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The official name of this gene is “cholinergic receptor, nicotinic, alpha 2 (neuronal).”
CHRNA2 is the gene's official symbol. The CHRNA2 gene is also known by other names, listed below.
The CHRNA2 gene provides instructions for making one part (subunit) of a larger protein called a neuronal nicotinic acetylcholine receptor (nAChR). Each nAChR protein is made up of a combination of five subunits, usually two alpha (α) and three beta (β) subunits. Many different combinations are possible, and the characteristics of each nAChR protein depend on which subunits it contains. The CHRNA2 gene is responsible for producing a subunit known as α2. Little is known about the specific function of nAChR proteins made with this subunit.
In the brain, nAChR proteins are widely distributed and play an important role in chemical signaling between nerve cells (neurons). The proteins act as channels, allowing charged atoms (ions) including calcium, sodium, and potassium to cross the cell membrane. These channels open when attached to a brain chemical (neurotransmitter) called acetylcholine. The channels also open in response to nicotine, the addictive substance in tobacco.
Communication between neurons depends on neurotransmitters, which are released from one neuron and taken up by neighboring neurons. The release and uptake of these chemicals are tightly regulated to ensure that signals are passed efficiently and accurately between neurons. Researchers believe that nAChR channels play an important role in controlling the normal release and uptake of neurotransmitters.
A wide range of brain functions depend on nAChR channels, including sleep and arousal, fatigue, anxiety, attention, pain perception, and memory. The channels are also active before birth, which suggests that they are involved in early brain development. At least one drug that targets nAChR channels in the brain has been developed to help people quit smoking; other medications targeting these channels are under study for the treatment of schizophrenia, Alzheimer disease, and pain.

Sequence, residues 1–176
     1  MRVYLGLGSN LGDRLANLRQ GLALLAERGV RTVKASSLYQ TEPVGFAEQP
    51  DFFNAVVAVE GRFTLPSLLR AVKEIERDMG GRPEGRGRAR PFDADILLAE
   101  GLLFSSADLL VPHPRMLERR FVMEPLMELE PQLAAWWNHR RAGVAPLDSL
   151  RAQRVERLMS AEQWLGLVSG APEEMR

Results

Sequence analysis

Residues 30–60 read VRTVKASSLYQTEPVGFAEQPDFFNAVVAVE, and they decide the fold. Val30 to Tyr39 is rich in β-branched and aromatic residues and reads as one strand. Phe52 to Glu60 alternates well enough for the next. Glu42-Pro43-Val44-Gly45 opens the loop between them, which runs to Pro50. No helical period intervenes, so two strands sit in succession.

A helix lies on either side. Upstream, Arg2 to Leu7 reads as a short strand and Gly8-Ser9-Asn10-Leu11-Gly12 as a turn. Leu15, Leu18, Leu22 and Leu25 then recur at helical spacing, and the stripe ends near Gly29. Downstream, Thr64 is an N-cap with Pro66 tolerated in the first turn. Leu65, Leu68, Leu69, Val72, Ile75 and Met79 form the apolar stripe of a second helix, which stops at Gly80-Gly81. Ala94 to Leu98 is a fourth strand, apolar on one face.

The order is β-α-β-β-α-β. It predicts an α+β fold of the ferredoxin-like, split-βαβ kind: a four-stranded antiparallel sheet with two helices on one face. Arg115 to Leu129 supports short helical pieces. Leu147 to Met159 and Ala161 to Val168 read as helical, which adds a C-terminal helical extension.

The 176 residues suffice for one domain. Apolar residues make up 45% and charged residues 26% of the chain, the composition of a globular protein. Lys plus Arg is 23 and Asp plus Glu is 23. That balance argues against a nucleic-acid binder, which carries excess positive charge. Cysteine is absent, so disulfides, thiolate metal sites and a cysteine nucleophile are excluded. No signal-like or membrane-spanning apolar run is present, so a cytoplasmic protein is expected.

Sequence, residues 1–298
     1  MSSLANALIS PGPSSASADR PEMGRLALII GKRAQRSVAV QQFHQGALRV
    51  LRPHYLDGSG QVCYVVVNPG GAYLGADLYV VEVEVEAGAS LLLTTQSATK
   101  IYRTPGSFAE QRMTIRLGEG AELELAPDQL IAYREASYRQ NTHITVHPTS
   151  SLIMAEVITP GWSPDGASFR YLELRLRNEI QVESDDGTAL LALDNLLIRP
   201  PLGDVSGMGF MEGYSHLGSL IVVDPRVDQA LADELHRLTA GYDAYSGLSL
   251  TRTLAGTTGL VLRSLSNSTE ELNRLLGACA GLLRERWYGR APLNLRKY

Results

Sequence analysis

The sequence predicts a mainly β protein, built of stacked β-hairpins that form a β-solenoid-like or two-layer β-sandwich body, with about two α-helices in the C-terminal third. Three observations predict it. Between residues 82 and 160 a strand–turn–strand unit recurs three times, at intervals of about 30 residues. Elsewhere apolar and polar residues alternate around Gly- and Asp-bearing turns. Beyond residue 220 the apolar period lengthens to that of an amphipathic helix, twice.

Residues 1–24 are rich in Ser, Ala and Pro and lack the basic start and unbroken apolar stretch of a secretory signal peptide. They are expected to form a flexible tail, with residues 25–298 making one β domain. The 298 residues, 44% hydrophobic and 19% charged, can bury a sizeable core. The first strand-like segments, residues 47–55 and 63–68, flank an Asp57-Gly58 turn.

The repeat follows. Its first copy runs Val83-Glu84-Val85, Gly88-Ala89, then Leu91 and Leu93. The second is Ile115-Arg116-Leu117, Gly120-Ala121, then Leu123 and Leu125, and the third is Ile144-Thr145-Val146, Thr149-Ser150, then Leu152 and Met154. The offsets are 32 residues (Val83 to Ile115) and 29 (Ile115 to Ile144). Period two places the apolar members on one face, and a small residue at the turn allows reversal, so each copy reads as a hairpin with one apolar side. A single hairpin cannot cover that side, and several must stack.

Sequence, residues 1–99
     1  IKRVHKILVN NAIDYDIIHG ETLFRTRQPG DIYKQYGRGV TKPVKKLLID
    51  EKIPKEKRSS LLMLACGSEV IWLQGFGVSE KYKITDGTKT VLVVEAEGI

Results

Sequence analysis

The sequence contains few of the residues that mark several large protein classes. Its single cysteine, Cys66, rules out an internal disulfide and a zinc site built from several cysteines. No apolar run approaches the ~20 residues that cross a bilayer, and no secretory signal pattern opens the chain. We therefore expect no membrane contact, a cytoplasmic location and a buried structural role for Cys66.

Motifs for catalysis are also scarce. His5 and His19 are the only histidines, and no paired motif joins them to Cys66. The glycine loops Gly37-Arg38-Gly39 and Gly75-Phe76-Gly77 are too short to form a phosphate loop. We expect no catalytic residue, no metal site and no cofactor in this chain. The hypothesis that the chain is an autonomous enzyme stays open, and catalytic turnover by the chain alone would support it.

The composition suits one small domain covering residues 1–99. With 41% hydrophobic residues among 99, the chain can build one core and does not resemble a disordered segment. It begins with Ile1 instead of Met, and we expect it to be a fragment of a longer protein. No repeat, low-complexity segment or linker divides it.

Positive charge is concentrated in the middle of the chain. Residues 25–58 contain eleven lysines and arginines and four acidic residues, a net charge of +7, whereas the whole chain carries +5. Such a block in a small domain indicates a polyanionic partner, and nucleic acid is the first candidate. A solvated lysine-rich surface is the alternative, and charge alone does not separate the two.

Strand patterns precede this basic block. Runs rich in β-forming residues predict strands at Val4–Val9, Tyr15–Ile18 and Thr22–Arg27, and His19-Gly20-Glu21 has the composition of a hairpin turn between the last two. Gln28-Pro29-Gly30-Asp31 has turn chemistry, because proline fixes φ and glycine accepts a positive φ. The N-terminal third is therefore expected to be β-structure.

At least one mutation in the CHRNA2 gene has been found to cause autosomal dominant nocturnal frontal lobe epilepsy (ADNFLE). It appears that changes in this gene are a very rare cause of ADNFLE. Some researchers suspect that the known mutation actually causes a separate form of epilepsy with features similar to ADNFLE.
The identified CHRNA2 mutation changes a single protein building block (amino acid) in the α2 subunit of nAChR channels. Specifically, it replaces the amino acid isoleucine with the amino acid asparagine at protein position 279 (written as Ile279Asn or I279N). This mutation makes the channels more sensitive to the neurotransmitter acetylcholine, allowing them to open more easily than usual. The resulting increase in ion flow across the cell membrane alters the release of neurotransmitters, which changes signaling between neurons. Researchers believe that the overexcitement of certain neurons in the brain triggers the abnormal brain activity associated with seizures. It is unclear why the seizures seen in ADNFLE start in the frontal lobes of the brain and occur most often during sleep.
Cytogenetic Location: 8p21
Molecular Location on chromosome 8: base pairs 27,317,277 to 27,336,812
The CHRNA2 gene is located on the short (p) arm of chromosome 8 at position 21.
More precisely, the CHRNA2 gene is located from base pair 27,317,277 to base pair 27,336,812 on chromosome 8.
See How do geneticists indicate the location of a gene? (http://ghr.nlm.nih.gov/handbook/howgeneswork/genelocation) in the Handbook.
You and your healthcare professional may find the following resources about CHRNA2 helpful.
You may also be interested in these resources, which are designed for genetics professionals and researchers.
See How are genetic conditions and genes named? (http://ghr.nlm.nih.gov/handbook/mutationsanddisorders/naming) in the Handbook.
acetylcholine ; amino acid ; anxiety ; autosomal ; autosomal dominant ; calcium ; cell ; cell membrane ; gene ; ions ; isoleucine ; mutation ; neuron ; neurotransmitters ; nicotine ; nocturnal ; perception ; potassium ; protein ; receptor ; schizophrenia ; sodium ; subunit
You may find definitions for these and many other terms in the Genetics Home Reference Glossary (http://www.ghr.nlm.nih.gov/glossary).
The resources on this site should not be used as a substitute for professional medical care or advice. Users seeking information about a personal genetic disease, syndrome, or condition should consult with a qualified healthcare professional. See How can I find a genetics professional in my area? (http://ghr.nlm.nih.gov/handbook/consult/findingprofessional) in the Handbook.